(Closed Joint Aspiration)
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Reasons for Procedure
- Find out why a joint is painful, swollen, or fluid-filled
- Drain fluid out of a swollen joint to decrease pain and increase your ability to move the joint
- Diagnose the specific type of arthritis occurring within a joint
- Confirm a diagnosis of infection in the joint
- Check for crystals in the joint fluid, which could be a sign of gout
- Infection of the joint
- Bleeding into the joint
- Increased pain
- Allergic reaction
- Infections on the skin
- Recent fever or infection
- Bleeding disorder
- Use of blood thinners
What to Expect
Prior to Procedure
Description of the Procedure
How Long Will It Take?
How Much Will It Hurt?
- For the first 24 hours, ice the joint every 3-4 hours. Do this for 20 minutes at a time.
- To reduce discomfort, take a pain reliever.
- Ask your doctor when you can resume normal activities.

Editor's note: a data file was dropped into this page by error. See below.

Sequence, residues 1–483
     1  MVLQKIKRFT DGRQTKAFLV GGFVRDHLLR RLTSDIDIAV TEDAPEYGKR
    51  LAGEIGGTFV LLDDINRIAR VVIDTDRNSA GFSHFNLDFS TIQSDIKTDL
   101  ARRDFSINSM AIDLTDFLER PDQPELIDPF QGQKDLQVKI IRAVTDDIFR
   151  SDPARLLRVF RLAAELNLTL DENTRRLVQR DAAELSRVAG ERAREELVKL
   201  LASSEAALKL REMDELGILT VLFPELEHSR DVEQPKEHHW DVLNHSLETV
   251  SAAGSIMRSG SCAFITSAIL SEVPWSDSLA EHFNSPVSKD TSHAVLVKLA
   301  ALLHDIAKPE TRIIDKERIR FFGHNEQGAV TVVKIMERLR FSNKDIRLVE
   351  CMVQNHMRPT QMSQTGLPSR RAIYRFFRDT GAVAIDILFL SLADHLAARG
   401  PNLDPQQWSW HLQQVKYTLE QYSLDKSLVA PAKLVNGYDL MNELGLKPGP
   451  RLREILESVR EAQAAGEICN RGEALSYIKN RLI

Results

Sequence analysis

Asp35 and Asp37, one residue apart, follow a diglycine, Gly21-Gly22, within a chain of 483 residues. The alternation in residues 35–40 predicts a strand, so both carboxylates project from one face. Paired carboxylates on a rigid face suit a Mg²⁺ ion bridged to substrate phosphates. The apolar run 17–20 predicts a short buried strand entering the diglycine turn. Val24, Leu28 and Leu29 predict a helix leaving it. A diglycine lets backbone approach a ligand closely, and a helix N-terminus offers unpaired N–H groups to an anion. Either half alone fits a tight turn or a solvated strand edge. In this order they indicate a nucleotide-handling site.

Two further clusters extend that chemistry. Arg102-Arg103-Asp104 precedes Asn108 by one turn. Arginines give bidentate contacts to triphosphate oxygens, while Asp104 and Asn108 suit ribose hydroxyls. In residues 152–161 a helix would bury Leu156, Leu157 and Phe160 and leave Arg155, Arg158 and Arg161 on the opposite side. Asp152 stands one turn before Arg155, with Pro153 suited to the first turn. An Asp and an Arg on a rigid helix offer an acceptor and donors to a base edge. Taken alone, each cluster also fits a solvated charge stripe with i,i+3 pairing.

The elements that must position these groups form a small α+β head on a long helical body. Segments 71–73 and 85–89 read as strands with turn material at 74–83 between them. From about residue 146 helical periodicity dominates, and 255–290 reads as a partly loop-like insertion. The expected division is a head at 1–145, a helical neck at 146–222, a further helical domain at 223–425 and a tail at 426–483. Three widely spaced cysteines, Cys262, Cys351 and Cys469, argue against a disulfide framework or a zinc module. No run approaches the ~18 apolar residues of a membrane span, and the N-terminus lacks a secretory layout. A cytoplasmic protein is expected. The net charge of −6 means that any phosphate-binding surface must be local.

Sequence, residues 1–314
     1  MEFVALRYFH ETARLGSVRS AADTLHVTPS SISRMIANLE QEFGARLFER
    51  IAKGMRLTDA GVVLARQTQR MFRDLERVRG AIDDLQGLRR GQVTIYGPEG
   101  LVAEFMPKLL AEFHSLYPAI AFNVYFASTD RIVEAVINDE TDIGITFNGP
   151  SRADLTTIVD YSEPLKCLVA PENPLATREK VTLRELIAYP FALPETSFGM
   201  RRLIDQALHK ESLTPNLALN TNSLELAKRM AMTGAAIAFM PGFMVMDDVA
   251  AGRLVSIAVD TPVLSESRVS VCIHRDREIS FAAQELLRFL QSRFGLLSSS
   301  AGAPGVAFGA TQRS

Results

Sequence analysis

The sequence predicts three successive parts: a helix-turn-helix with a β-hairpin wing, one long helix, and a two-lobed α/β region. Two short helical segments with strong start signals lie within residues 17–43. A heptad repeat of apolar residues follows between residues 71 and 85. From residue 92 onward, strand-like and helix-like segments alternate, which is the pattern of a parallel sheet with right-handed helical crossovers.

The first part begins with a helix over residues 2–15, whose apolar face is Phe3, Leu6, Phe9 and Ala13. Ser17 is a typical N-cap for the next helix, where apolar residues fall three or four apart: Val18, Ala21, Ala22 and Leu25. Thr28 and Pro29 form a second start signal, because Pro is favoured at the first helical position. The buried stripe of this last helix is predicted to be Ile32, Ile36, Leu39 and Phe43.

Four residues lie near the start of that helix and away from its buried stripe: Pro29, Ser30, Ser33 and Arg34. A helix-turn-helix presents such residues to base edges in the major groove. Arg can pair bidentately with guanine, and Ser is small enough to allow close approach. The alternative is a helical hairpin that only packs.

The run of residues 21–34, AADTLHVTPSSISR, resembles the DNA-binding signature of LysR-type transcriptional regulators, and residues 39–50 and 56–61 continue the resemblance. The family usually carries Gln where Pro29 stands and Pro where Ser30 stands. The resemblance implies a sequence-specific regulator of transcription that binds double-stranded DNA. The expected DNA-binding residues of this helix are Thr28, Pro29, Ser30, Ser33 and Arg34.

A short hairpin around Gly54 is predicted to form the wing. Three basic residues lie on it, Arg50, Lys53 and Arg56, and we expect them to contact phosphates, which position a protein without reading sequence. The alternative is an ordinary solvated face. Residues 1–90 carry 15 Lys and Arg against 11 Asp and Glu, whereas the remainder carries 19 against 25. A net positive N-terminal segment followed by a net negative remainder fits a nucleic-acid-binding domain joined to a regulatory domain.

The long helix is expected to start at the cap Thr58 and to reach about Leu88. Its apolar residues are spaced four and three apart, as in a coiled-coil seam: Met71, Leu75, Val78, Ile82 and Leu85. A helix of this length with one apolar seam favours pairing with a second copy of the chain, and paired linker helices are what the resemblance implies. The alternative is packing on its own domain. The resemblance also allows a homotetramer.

- Be sure to follow your doctor's instructions .
Call Your Doctor
- Signs of infection, including fever and chills
- Redness, swelling, increasing pain, excessive bleeding, or any discharge from the site
- Pain that is not relieved by your pain medicine
Arthritis Foundation http://www.arthritis.org/
National Institute of Arthritis and Musculoskeletal and Skin Diseases http://www.niams.nih.gov/
The Arthritis Society http://www.arthritis.ca/
Canadian Orthopaedic Association http://www.coa-aco.org/
Clinical Procedures in Emergency Medicine . 3rd ed. Philadelphia, PA: WB Saunders Co; 1998.
Emergency Medicine: Concepts and Clinical Practice . 4th ed. Philadelphia, PA: Mosby-Year Book; 1998.
National Institute of Arthritis and Musculoskeletal and Skin Diseases website. Available at: http://www.niams.nih.gov . Accessed October 14, 2005.
- Reviewer: John C. Keel, MD
- Review Date: 12/2011 -
- Update Date: 12/30/2011 -